SIGNs of CHANGE exhibition opens with insights and inspiration from south-east Europe

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The latest exhibition to visit Philanthropy House, SIGNs of CHANGE, courtesy of the SIGN Network (South East European Indigenous Grantmakers Network) opened with an insightful event on 8 October featuring a panel discussion of representatives from the network reflecting upon the previous 10 years, highlighting the success stories, sharing the potholes stumbled into along the way and looking forward to what the future holds for the network.

The event was opened by the EFC’s Gerry Salole congratulating the network on their 10th anniversary and welcoming the many more to come, before the discussion dived into the complex question of establishing what exactly philanthropy is, especially to the citizens of south-east Europe, courtesy of Nathan Koeshall, Catalyst Balkans. Catalyst Balkans had conducted surveys and studies across the 5 countries represented by the network, to get to the root of what philanthropy means and to see how people engaged in ”philanthropy”. The data showed a rising trend in awareness and participation across the region, along with highly localised differences regarding issues such as median donations, methods of engagement, transparency and how people saw where the responsibility of care lays.

The insights provided by Nathan were supplemented by his colleagues on the panel discussing examples, case studies and learnings from the networks operations. Anica-Maja Boljevic, Fund for Active Citizenship for example talked about the founding of the network, and how one of its greatest achievements was simply putting philanthropy on the map, forming it into a known quantity discussed not just by citizens, but by the government too. Anica also discussed a key issue the network faced and one facing all philanthropic organisations, transparency, explaining that to many transparency is essentially about trust, and trust can be hard to create if you do not fully understand what an organisation does.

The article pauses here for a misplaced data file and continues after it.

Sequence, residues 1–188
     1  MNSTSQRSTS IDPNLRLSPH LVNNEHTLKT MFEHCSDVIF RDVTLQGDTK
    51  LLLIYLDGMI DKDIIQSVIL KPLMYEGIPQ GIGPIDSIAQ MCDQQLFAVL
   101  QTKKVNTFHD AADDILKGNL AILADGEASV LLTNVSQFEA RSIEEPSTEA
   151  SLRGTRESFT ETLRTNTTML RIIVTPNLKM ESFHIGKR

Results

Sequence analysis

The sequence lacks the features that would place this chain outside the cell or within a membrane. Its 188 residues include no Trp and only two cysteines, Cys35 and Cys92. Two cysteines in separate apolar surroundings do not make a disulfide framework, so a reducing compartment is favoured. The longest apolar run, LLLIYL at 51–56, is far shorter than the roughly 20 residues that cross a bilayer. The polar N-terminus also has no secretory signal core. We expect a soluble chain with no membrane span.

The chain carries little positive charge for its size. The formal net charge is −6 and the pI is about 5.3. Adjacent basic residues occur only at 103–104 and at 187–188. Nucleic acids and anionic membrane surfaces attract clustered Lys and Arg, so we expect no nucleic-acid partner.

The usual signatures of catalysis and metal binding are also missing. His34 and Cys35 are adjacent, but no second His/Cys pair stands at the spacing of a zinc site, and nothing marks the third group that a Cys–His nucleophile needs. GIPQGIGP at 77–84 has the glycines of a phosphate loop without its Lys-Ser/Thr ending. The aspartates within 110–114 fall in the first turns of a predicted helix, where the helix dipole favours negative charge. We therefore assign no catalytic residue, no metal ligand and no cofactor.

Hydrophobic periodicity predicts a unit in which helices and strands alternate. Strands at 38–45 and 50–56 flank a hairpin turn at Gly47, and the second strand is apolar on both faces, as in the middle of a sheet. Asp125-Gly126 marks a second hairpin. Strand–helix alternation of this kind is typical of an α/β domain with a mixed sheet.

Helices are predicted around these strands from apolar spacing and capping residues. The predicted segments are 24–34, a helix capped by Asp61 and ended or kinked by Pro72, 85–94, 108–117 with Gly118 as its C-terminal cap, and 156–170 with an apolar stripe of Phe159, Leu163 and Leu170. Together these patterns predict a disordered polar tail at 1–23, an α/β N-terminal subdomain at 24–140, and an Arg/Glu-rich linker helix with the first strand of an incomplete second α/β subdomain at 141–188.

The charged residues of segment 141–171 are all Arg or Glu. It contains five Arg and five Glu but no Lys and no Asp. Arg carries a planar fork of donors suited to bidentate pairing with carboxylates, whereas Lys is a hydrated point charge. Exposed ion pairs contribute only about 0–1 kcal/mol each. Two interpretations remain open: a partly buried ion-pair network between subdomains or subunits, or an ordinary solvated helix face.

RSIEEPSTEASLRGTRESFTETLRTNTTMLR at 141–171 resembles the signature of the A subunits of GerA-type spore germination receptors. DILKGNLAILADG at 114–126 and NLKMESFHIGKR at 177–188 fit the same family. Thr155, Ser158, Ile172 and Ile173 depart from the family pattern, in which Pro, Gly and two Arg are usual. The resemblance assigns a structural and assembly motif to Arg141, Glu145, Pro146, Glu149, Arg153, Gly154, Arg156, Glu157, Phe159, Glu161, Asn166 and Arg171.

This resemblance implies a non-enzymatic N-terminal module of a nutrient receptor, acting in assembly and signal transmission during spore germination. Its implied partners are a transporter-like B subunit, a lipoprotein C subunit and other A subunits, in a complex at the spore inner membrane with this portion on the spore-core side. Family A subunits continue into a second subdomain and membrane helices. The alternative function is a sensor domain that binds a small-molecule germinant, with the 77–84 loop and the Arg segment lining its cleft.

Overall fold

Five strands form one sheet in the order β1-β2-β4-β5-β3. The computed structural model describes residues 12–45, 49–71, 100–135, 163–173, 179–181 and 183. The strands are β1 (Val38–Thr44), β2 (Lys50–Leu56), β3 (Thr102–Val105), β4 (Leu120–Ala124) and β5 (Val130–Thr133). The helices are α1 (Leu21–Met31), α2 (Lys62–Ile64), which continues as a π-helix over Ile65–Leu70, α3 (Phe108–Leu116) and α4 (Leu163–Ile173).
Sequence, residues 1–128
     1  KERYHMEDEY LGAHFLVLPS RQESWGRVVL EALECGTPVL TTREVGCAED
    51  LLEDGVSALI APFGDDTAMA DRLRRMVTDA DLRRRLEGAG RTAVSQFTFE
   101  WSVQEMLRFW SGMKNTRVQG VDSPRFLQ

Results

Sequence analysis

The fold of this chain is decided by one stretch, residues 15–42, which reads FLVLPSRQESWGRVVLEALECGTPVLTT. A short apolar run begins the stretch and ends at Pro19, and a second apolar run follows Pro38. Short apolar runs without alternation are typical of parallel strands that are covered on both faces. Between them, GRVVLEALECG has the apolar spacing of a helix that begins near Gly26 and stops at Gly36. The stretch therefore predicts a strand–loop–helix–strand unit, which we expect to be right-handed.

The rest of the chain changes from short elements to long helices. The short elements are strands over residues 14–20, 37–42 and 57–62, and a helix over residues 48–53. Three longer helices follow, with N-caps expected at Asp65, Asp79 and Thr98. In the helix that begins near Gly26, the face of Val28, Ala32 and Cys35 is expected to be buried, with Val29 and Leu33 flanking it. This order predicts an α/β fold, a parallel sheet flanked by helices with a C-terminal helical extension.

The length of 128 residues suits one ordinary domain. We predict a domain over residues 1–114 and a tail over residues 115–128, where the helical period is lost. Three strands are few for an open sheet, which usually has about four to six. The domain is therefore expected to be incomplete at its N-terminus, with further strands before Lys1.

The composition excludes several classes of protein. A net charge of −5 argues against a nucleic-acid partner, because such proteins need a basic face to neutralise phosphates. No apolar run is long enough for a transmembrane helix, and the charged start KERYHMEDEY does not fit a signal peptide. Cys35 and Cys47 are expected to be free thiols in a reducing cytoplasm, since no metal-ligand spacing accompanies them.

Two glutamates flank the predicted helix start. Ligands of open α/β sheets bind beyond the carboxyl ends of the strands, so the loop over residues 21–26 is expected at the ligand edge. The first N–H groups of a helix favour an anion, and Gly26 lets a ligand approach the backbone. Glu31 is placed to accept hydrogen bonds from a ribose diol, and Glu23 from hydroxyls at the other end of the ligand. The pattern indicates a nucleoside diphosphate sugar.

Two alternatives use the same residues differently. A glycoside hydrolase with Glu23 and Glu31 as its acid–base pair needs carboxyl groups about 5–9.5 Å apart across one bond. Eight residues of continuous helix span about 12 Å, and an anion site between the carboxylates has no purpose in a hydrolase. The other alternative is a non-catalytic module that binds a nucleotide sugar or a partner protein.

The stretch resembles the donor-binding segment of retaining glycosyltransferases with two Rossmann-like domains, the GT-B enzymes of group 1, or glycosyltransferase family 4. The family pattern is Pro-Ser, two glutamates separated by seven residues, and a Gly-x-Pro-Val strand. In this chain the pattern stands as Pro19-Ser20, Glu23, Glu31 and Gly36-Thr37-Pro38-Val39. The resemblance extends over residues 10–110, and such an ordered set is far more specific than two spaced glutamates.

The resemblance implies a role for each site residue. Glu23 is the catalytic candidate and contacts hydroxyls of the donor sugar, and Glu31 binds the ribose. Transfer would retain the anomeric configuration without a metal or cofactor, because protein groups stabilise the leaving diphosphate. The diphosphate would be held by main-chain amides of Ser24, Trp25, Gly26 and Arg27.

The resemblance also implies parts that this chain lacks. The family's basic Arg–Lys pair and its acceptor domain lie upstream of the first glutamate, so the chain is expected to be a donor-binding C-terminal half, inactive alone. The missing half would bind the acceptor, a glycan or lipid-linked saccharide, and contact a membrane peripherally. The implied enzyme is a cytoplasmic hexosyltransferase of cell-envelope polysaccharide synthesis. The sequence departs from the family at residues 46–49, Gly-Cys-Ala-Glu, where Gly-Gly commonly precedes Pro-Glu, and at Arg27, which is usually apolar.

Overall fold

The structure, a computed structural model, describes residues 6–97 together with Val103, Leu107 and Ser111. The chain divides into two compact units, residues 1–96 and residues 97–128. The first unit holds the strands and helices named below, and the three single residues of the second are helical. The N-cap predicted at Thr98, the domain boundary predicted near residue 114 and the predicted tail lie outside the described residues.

Merisa Abdullahu, Forum for Civic Initiatives shared how the networks growth and operation in Kosovo had been heavily influenced by the network’s grasp of social media and the digital space, with the quick utilisation of crowdfunding, donations via text, and social media campaigns all helping the network to quickly grow and establish itself. Catalyst Balkans is itself an example of this, hosting one of the largest crowdfunding websites in the region, though a perhaps interesting, yet not unexpected learning was that for the most part people only donated to people they knew, even through digital media, highlighting the human aspect of the fundraising.

The discussions evolved into a brief Q&A session with the panel, featuring questions on the lessons talked about by the network, the data acquired and some more philosophical questions on philanthropic giving, reciprocity and active citizenship. The questions continued downstairs to the formal opening of the exhibition, inspiring further questions and conversations on the network, its members and its story.

The members of the network are: Catalyst Balkans, Forum for Civic Initiatives, Fund for Active Citizenship, HORUS, Mozaik Foundation, National Foundation for Civil Society Development, and the Trag Foundation.

For more information on the exhibition contact Leticia Ruiz-Capillas.

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